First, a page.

And then someone lost their life behind the wheel of such a car. Joshua Brown, aged 40, died in the first known fatal crash involving a car in self-driving mode. Joshua’s Tesla Model S struck the trailer of a lorry on a road in May. According to the highway patrol in Florida the car’s windscreen hit the bottom of the trailer. His car’s autopilot mode failed to recognise the oncoming truck. National highways chiefs are investigating that autopilot system – one used in 25,000 Model S cars. A Tesla statement on the sensors, which help steer the car by identifying obstructions, said they failed to recognise the oncoming vehicle: “Neither autopilot nor the driver noticed the white side of the tractor trailer against a brightly lit sky, so the brake was not applied.”
Tragedy apart, electric cars have a track record that is good, argue not only their makers but a growing section of environment and road-safety lobbies. One blogpost on the Tesla tragedy in the UK’s Independent newspaper read: “That’s pretty good going, statistic wise. How many people have died in manually driven cars since the Tesla first drove on the road? A few more than one!”
Electric cars were – and still are – being hailed as a new dawn. President Barack Obama predicted one million electric cars in the US by 2015 while Virgin boss Richard Branson forecast last summer no new road cars would be petrol driven within 20 years. Combustion engines, insisted the British tycoon, were “complicated and antiquated”.
Any doubts electric cars are the future evaporate as soon as you set eyes on the sleek lines of the newest models and then hit the on-switch. Today’s high-end electric car is little short of a supercar, and everyone is in on the act, trialling, prototyping or bringing to market their own versions. BMW, Mercedes and Audi have all unveiled visions of the automotive future at car shows or in glossy aspirational magazines. Most of them boast – or promise – rapid acceleration thanks to a smooth, seamless supply of power from their electric motors.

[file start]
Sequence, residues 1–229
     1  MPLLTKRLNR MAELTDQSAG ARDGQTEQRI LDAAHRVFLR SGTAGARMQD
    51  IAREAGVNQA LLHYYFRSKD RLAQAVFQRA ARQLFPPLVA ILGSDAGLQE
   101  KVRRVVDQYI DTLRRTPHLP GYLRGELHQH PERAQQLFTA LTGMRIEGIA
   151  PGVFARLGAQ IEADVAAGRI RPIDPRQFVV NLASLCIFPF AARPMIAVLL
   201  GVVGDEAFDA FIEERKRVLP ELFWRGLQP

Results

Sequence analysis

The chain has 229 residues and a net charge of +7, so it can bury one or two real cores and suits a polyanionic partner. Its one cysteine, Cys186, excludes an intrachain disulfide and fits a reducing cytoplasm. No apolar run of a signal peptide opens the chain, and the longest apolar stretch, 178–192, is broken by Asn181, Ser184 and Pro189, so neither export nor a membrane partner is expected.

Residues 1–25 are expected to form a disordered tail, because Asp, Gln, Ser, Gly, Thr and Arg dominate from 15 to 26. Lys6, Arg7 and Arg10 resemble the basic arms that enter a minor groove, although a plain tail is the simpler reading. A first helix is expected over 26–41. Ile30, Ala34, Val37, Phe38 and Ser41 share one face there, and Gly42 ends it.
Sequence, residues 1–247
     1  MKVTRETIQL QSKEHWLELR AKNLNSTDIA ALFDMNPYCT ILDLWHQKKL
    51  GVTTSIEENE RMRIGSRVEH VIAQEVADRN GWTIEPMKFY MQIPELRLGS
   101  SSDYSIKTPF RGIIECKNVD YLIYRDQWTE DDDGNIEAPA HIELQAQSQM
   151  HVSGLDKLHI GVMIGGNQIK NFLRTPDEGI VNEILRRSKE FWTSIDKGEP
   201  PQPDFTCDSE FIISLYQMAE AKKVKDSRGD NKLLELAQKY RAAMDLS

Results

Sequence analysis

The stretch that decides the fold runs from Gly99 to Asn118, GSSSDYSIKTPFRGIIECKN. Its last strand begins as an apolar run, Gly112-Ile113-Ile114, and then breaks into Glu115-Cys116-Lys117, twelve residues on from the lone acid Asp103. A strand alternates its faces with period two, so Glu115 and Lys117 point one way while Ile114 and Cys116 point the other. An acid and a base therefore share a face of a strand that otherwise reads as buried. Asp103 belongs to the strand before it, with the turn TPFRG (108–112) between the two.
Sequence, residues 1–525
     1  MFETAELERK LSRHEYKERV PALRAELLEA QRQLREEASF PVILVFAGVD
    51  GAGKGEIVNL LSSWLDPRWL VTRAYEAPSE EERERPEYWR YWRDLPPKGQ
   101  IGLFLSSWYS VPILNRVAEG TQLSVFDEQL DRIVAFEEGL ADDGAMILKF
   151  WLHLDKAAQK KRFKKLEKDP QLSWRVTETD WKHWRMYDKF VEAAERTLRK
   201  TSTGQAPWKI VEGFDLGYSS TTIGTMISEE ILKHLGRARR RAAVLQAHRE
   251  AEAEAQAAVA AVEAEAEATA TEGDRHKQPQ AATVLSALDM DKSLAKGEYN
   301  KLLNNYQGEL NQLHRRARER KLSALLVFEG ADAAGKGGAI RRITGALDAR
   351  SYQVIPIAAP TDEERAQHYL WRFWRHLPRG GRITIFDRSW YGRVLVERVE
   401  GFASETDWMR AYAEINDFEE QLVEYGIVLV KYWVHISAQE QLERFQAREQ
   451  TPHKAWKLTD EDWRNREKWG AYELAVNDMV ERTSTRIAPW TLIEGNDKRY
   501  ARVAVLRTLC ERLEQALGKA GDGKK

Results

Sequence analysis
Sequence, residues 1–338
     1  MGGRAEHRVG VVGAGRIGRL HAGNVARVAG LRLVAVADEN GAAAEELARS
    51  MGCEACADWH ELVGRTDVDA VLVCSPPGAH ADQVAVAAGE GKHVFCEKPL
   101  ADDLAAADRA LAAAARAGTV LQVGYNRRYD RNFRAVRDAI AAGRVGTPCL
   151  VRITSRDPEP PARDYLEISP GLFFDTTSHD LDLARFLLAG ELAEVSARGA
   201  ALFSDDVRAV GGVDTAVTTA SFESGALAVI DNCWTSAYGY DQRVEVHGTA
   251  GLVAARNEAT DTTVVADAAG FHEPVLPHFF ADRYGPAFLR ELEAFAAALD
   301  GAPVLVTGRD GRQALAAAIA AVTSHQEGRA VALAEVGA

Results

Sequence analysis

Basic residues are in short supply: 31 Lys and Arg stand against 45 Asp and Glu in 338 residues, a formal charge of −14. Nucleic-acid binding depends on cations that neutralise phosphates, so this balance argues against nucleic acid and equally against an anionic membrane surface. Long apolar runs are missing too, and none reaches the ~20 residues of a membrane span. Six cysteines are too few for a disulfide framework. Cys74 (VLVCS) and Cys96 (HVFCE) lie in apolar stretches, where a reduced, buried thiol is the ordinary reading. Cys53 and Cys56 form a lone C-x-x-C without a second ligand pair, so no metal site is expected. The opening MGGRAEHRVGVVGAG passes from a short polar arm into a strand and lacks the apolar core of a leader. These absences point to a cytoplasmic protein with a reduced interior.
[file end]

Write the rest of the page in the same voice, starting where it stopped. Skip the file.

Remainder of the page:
What sets that motor apart from dirty gas guzzlers is the instant, massive twisting force it produces, called torque. This does away with the need for a gearbox and is more efficient at turning stored energy into motion. It saves weight and clears space for all those boys’ toys like touch-screen controls. But the environmental savings are as alluring as the savings in running costs, not just to drivers but governments, municipal authorities and the medical profession. By switching to electric vehicles, average household greenhouse-gas emissions are cut by over a whopping 40%, according to some experts. And as transport is said to contribute 23% of global greenhouse gas emissions, much hinges on the future development of the electric car in tackling climate change.
No wonder all the giant carmakers in America, China and Japan have spent billions of dollars to bring electric vehicles to the market. Yet it was General Motors that rolled out the first mass-produced, purpose-designed electric vehicle of the modern era, the EV1, from 1996 to 1999. And then they tried to kill it.
A 2006 documentary, Who Killed the Electric Car?, explored the creation, limited commercialisation and attempts to destroy the electric car phenomenon by traditional car makers, the oil industry, US government and others by trying to stymie development and adoption of this revolutionary but hugely controversial technology. It was a gutsy Silicon Valley start-up, Tesla, founded by the PayPal tycoon Elon Musk that pioneered a market-leading car of the same name using improved versions of industry-standard lithium-ion batteries.
Pros and cons include faster acceleration but a shorter distance range than conventional engines. There is no exhaust but there are long charging times. And the technology roars on. Formula E, the electric equivalent of Formula 1, is gaining traction with sports fans, and next up are driverless cars.